Many features of Microsoft’s new Windows are designed for touch control on tablets – or perhaps a touch screen on your desktop or laptop. If you have one of those, congratulations: you are set to get the best from Windows 8. Even so, finding your way around does take a bit of time to learn, thanks to some non-obvious features. Here is a brief survival guide for tablet and touch users – if you only have keyboard and mouse see here. If you have a hybrid with both, I suggest reading both survival guides; some things are easier with a keyboard and mouse.
That said, I have found that almost anything can be accomplished with touch alone; and it is worth persevering since it gets easier with practice. A slate without a keyboard is smaller and more convenient that a laptop or slate with loose keyboard. The exception: if I need to type a lengthy piece, a keyboard is worth the inconvenience.
I am mostly avoiding third-party utilities. This is for out-of-the-box Windows 8.
Options are shown a, b , c etc where they are alternatives. Steps are shown as 1, 2, 3 where needed.
How do you right-click an icon without a mouse?
In the Desktop, you can do the equivalent of a right-click by tapping and holding an item until a rectangle outline appears under your finger. Release to show the right-click menu (context menu).
How do you type in a desktop app when the keyboard does not appear?
Tap the Touch keyboard icon in the notification area at bottom right of the screen.
How do I stop the keyboard covering what I am typing in a desktop app?
Very annoying and I do not have a perfect solution. One option is to dock the on-screen keyboard by tapping the dock icon at top right of the keyboard:
In this mode, it will not overlap any apps. I find it annoying though since you now have a short screen, and when you hide the keyboard apps remain in the position the keyboard pushed them to, so I have to resize them.
Tap the icon when docked to undock.
My tip: try typing in portrait mode. Docked or undocked, this gives you a better chance of not having to type into the void.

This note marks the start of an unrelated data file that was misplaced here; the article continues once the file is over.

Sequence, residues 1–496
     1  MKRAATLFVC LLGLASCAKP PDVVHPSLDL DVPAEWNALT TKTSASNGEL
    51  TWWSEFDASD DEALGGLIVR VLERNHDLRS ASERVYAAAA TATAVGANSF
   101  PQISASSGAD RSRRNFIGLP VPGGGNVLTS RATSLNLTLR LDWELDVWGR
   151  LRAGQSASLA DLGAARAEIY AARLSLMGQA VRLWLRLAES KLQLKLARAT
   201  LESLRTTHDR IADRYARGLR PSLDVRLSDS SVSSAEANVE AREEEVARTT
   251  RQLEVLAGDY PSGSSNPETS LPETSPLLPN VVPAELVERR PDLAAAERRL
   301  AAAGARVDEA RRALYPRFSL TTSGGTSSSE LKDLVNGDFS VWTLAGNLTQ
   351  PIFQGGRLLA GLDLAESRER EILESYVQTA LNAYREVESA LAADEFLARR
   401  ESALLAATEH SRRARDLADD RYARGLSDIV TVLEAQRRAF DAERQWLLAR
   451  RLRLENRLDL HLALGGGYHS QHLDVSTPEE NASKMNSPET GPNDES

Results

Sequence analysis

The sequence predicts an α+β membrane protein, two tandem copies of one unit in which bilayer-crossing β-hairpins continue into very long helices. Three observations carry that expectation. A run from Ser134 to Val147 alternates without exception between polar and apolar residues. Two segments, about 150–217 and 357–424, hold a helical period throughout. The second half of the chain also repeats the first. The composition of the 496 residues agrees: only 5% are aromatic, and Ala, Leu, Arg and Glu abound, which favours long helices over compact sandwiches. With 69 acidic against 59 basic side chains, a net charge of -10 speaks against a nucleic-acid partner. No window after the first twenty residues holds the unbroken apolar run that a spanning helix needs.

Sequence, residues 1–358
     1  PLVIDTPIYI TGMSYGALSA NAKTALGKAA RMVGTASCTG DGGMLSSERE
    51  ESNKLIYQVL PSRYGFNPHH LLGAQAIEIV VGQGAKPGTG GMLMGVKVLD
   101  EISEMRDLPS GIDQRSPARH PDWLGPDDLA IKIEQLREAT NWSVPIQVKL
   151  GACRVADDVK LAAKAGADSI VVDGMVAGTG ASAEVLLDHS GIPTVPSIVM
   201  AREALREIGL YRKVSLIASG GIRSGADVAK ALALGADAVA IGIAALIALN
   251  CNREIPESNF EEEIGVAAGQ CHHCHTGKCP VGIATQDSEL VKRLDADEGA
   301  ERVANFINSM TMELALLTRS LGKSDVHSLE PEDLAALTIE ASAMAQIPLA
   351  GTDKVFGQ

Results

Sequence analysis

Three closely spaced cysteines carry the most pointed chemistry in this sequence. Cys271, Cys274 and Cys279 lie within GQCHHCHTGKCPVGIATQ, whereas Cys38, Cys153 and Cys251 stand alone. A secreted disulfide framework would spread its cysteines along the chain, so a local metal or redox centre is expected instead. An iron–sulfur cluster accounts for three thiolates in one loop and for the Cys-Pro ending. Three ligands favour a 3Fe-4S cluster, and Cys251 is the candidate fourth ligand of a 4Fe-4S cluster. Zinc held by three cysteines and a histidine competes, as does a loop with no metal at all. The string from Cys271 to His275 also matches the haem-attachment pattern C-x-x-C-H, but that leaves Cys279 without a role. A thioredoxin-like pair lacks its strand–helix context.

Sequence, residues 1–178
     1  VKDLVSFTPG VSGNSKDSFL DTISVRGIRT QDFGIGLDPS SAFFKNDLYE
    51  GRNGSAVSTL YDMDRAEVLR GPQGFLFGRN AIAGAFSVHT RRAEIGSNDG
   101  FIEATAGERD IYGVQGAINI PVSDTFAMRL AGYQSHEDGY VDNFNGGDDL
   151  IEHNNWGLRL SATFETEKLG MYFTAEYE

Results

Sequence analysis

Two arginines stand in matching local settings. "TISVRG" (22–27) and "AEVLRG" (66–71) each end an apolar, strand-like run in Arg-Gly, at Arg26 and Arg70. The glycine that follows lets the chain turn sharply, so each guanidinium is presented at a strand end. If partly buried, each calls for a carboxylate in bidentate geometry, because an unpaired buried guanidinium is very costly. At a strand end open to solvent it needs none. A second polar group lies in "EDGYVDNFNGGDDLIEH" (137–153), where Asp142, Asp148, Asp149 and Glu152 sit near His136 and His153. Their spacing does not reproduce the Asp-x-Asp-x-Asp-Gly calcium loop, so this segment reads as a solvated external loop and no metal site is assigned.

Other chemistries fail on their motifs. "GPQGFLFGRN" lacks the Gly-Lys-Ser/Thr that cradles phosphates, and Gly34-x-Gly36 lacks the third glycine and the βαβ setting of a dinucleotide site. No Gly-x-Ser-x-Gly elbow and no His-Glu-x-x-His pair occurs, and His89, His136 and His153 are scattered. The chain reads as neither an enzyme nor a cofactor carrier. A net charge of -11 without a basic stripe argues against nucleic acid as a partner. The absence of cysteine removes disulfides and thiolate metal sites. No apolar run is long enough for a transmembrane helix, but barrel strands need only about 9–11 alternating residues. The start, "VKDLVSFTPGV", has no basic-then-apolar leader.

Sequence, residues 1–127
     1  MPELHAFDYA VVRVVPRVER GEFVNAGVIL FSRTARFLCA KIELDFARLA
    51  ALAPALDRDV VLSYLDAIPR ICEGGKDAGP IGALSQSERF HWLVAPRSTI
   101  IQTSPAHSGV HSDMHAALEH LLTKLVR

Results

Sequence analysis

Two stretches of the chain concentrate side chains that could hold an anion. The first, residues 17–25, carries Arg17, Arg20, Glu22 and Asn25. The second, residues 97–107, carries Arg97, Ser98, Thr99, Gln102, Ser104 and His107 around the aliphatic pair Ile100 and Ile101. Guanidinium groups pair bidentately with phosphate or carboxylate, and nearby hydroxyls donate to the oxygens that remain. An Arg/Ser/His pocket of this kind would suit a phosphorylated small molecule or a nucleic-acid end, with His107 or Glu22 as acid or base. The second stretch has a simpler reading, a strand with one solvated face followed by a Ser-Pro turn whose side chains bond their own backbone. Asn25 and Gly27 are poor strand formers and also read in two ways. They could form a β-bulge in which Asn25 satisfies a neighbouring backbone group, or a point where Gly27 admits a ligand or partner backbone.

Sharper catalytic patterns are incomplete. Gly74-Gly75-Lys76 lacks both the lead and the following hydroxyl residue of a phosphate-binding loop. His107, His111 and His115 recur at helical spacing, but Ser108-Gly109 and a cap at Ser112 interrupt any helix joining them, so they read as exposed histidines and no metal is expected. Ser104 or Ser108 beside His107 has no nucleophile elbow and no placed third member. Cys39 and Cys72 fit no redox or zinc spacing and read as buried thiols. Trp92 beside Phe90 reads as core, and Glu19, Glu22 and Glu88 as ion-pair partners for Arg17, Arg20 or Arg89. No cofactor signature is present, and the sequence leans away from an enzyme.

How do you get back to the Start screen?
a. The Start menu is a now a full-screen Metro application. You can find it in several ways. Press the Windows key, which is present even on tablets as the solitary key under the display.
b. You can also swipe in from the right to display the Charms bar, then tap Start.
c. A third way is to swipe in from the left and then immediately out again. This brings up the app history bar. Tap the Start tile at the bottom.
How do I organize the Start screen into groups?
The new Start screen is not hierarchical, but does support named groups. Two things you need to know:
1. To create a group, tap on a tile and drag up slightly as if you were going to flick to select, but don’t lift your finger. An outline appears on the tile and you can drag a tile right or left until it passes a grey vertical bar. Release to start the new group, or drag further to add to a different group. You can drag past the end of the screen to have further groups scroll into view.
Add further tiles to a new group by dragging them under one of the existing tiles in the group.
2. To name and/or move the group, put two fingers on the screen and pinch inwards. This will zoom out. Now, flick up on the group you want to name. This selects the group. Then you can tap Name group to name or rename it.
3. To move a group, use the same technique you used to move a tile – flick up, but do not lift your finger. Now you can drag the whole group to a new position.
I turned my tablet on and the logon screen comes up, but it does not respond to touch.
I hope this never happens to you, but I have seen it regularly on a Samsung Slate and guess it may happen on other models too. The only solution I have found is to reset the machine. To do this:
1. Hold down the power button until the unit turns off.
2. Now hold does the power button again. When the unit seems to be turning on, keep the button held down. Eventually it will turn off again. Now it is completely off. Turn on again in the normal way, and your touch control should be OK again.
I have the Start screen or a Metro app running. How do I get to the desktop?
You can go back to the Start screen and tap the Desktop tile. There is a better way though. Unless you are already at the Start screen, it is quicker to raise the app history bar by swiping in from the left and then out again. Then tap the Desktop tile.